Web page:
Before You Enlist Video -
Researching Pop Culture and Militarism -
If you have been Harassed by a Military Recruiter -
War: Turning now to Mr. Ralph Waldo Emerson - Christian Science Monitor
Click through to find out
Religion and militarism -
‘A Poison in the System’: Military Sexual Assault - New York Times
Change your Mind?
Talk to a Counselor at the GI Rights Hotline
Ask that your child's information is denied to Military Recruiters
And monitor that this request is honored.
Military Recruiters and Programs Target marginalized communities for recruits...
..and the high schools in those same communities

 Militarization of our Schools

The Pentagon is taking over our poorer public schools. This is the reality for disadvantaged youth.


What we can do

Corporate/conservative alliances threaten Democracy . Progressives have an important role to play.

 Why does NNOMY matter?

Most are blind or indifferent to the problem.
A few strive to protect our democracy.

School Policies

Op-out and ASVAB Policies, Monterey, CA


By Pat Hanson with Jeanne Turner, Lynn Hamilton and Macgregor Eddy

Two Monterey County school districts successfully passed policies recently, requiring that recruiter release option 8 be applied district-wide when the Armed Services Vocational Aptitude Battery (ASVAB) test is given to students. That option protects families from having students’ personal information -- including name, address, phone number and social security number -- sent to military recruiters. Salinas Union High School District (SUHSD) -- an area heavily targeted for military recruitment because of low academic achievement, high levels of poverty and ethnicity -- passed this policy in September 2008, and Monterey Peninsula Unified School District (MPUSD) did the same in February 2009.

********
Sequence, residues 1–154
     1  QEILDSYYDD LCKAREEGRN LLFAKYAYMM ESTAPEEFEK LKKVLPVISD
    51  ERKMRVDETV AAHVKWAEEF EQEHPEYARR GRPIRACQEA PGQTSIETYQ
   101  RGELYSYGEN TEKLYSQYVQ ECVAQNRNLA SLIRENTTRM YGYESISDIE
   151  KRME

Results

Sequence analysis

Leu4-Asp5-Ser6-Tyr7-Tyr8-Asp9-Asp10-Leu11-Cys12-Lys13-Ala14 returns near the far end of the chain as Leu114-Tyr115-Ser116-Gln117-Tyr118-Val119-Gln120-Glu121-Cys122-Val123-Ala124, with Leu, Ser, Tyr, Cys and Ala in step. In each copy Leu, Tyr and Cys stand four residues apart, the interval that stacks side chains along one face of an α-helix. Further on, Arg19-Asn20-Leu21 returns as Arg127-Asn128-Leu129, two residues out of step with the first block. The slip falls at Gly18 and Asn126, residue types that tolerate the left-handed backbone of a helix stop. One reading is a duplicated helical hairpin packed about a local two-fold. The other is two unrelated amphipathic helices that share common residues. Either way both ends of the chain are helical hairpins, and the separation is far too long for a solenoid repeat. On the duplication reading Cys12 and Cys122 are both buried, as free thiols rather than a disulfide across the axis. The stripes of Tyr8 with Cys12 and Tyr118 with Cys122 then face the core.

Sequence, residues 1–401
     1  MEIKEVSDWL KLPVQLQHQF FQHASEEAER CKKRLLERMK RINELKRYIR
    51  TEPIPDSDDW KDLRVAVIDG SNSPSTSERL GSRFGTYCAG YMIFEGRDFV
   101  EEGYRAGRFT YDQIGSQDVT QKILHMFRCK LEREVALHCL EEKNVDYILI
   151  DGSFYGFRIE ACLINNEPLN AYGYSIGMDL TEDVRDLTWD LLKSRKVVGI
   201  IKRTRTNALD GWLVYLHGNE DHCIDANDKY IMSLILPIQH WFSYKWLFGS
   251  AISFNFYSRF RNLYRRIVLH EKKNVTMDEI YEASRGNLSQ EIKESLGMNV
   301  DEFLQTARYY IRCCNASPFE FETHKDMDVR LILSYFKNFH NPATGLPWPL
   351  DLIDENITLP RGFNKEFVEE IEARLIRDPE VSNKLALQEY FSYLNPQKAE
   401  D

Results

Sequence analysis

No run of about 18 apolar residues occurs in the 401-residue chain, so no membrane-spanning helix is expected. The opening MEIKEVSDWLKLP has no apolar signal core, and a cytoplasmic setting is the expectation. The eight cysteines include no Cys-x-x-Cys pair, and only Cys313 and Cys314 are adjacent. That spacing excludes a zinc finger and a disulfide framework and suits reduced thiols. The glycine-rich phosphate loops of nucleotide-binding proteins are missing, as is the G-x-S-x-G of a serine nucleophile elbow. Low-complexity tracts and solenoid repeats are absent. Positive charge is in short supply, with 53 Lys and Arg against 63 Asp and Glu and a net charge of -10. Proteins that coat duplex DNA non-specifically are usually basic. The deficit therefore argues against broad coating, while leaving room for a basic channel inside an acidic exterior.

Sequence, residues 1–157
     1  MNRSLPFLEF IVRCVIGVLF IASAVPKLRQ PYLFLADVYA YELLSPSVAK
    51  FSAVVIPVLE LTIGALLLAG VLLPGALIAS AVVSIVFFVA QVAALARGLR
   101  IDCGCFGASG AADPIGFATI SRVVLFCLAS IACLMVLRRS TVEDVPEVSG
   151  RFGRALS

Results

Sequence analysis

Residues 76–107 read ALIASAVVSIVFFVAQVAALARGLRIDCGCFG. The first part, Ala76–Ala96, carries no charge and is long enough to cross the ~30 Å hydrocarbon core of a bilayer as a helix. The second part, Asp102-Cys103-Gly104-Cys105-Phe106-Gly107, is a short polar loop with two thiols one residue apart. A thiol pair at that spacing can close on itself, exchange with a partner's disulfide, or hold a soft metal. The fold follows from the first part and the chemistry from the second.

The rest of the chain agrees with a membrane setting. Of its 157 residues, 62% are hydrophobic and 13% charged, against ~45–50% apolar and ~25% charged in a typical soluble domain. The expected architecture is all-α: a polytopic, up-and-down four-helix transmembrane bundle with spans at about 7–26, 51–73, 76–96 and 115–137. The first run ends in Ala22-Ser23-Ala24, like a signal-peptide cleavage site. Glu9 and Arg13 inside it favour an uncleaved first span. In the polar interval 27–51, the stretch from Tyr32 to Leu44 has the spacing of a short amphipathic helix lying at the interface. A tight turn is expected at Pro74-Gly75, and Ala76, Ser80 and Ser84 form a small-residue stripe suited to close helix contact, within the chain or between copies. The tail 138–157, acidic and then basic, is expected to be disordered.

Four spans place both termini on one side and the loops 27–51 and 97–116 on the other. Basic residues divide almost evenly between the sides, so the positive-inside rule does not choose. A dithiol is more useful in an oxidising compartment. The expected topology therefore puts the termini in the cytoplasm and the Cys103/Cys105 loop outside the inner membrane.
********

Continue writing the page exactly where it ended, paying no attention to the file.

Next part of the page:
The MPUSD Board of Education is also currently working to alter the emergency contact card that parents must sign in order for students to be registered in district high schools. Three YES/NO check-boxes are being proposed in addition to two existing categories that require permission for a child to be interviewed or to be photographed for media purposes. These check-boxes would give or withhold permission for students’ personal information to be sent to military recruiters, institutions of higher education and/or prospective employers.